hokiegal

Tattoo'ed professional considering laser tattoo removal

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Hi guys! New to the forum :) I am pursuing my Doctorate of Optometry, and I have several visible tattoos. The last thing I want is a patient to come in, see my tattoos, think I am uneducated and irresponsible, and leave. Most people would just say, "forget those people; who cares what they think?!". I used to have the same state of thought until my entire livelihood depends on patients' perceptions. Granted, my tattoos can also show an artistic side that some other patients can appreciate. I know I am not the only professional student that is having this internal battle.

With my background in science, I like to thoroughly understand procedures before I delve into them. After doing some research, I found a few websites that explain the whole procedure of laser tattoo removal. To be honest, I did not even understand how tattoo ink stayed permanently without being sloughed off daily as regular skin. To my understanding, tattoo ink really is made of dispersed pigments, and these pigments submerge themselves subcutaneously deep under the layers of skin that become removed. The way the lasers work to remove these deep ink clusters is by sending waves through the top layers of skin to break up the clumps of aggregated pigments molded together under the skin. (source: I. Science of Tattoos | New Look Laser Tattoo Removal Clinic)

There are plenty of choices for doctors these days. My tattoos are very conservative, yet visible. How do I assure that my patients are not going to shy away from a little ink? Is laser tattoo removal the way to go to ensure my professional credibility? Thanks!

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"The last thing I want is a patient to come in, see my tattoos, think I am uneducated and irresponsible..."

I don't have much interest in perpetuating stereotypes. The best way to attract clients would be to be very a very good doctor. Until you grow a reliable, stable, practice, wear long sleeves.

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You may be surprised.

I work in a corporate environment & required to deliver information to large groups of Directors.

I have this saying, "you gotta know your stuff & own your space"

I'll be the one who determines how I'll be perceived.

I notice peoples initial reaction when they see this dude walk in suited up from the neck to the fingers. I also notice their reaction when I walk out, which then has nothing to do with my tattoos.

I chose to express my different outlook on life through tattoos, I ain't ever gonna let them make me doubt who I am.

Faaark being ashamed.

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I am an ABO Ceritfied Optician (well I was, I have let it laps)......I wear a lab coat but my neck and hands are tattooed and there is no way for me to cover those!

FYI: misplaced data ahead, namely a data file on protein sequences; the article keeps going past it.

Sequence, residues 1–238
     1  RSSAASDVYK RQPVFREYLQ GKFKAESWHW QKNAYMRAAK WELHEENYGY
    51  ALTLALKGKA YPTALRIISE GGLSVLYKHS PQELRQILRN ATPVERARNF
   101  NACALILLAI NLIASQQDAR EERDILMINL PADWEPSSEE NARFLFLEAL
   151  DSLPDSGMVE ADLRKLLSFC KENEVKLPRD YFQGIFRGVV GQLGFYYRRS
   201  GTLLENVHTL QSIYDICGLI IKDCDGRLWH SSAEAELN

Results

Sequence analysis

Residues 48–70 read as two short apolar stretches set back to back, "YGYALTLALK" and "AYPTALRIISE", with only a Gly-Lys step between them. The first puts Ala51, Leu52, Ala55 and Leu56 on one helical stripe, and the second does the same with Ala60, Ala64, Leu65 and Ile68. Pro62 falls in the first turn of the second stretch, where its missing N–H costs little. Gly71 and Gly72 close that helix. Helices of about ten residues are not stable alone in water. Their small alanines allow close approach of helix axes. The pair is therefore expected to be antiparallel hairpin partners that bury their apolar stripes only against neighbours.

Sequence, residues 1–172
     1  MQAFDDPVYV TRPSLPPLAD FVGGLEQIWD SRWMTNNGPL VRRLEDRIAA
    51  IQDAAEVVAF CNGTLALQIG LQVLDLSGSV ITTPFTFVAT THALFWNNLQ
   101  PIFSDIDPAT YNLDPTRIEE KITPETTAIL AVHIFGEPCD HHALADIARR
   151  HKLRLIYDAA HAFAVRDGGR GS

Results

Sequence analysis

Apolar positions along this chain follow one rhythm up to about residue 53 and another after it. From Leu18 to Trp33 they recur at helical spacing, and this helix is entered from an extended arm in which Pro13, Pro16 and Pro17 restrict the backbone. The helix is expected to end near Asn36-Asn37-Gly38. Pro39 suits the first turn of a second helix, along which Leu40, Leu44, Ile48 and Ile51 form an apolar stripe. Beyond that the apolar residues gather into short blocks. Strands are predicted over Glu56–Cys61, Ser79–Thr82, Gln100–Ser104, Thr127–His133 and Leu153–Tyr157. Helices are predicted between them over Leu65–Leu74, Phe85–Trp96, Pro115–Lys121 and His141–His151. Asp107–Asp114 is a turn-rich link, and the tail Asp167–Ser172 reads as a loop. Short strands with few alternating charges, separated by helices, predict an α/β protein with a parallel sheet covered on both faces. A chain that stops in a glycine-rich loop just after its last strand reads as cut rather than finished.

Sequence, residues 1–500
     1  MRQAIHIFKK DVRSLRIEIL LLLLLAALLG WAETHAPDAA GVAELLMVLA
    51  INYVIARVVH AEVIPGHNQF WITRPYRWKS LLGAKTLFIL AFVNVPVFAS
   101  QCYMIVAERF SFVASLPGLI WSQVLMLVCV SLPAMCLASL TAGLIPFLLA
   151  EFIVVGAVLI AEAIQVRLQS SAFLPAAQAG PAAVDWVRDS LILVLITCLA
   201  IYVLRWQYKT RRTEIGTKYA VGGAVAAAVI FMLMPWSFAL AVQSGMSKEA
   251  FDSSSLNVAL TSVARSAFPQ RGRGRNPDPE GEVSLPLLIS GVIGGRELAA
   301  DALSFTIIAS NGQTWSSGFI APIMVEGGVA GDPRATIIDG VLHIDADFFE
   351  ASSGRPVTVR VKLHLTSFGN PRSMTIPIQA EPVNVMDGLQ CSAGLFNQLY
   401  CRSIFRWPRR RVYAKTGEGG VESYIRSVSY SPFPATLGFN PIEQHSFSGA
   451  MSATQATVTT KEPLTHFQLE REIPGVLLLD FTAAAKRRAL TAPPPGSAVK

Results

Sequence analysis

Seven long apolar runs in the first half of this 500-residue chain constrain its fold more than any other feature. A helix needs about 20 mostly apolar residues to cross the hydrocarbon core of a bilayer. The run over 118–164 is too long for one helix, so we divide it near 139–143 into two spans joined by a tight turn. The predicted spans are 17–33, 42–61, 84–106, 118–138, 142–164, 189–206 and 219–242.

It really depends.....can't you just wear long sleeved shirts and have them hidden?

I work full time and have been an Optician for over 25 years with mostly visible tattoos.....and to be honest I really enjoy the doctors who are willing to accept me for who I am.....

I guess the question here is.....do you want to be who you really are in life OR do you want to hide that and bow down to what you are perceiving is people who won;t accept you because you are tattooed?

If wasn't easy for me......I was actually not promoted into management at Lenscrafters because of a silly tattoo I had on my index finger I got when I was fifteen......mind you I was able to train people for management.....LMFAO!

I learned this from a former manager about 7 years ago.....

BUT....you know what....having to work twice as hard to get where I am now made me twice as good as my peers! ;)

I have run several optical departments in hospitals and managed a few stores and private practices.....

I am working full time as an Optician at a VA Hospital by day now and working full time in the evenings and weekends as a tattoo apprentice....working my ass of to learn to tattoo the right way!

Let me just say this.....I hope you will be strong and brave and be one of those doctors that keeps his tattoos BUT if you don't.......please don't ever put a dollar sign over giving an Optician who has visible tattoos a chance because you may find the best employee you could ever want to have if you give them that chance!

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My OB/GYN is heavily tattooed, sleeves and all. I didn't know for years until it came up in conversation, she always wears long sleeves and you would never be able to tell.

Unless you have your hands or neck done, I think you should just crank the A/C up in your office and buy a bunch of long sleeved shirts! That said, there definitely is some good info on this forum about laser removal and how it works if you dig around a bit in the "Tattoo Removal and Coverup" section.

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I can understand what you are talking about.. People judge all the time for all sorts of things. Personally I wouldn't care much if anyone who i was in contact had tattoos. Unless they were highly offensive. I highly doubt people will check you out personally before making any sort of appointments. Maybe just check where you went to school etc.

Anyway if you do decide to get anything lasered off just know that it's a long process.

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I feel the heart of the matter is that he/she? Is unhappy with their tattoos and this is a reasonable excuse to remove them.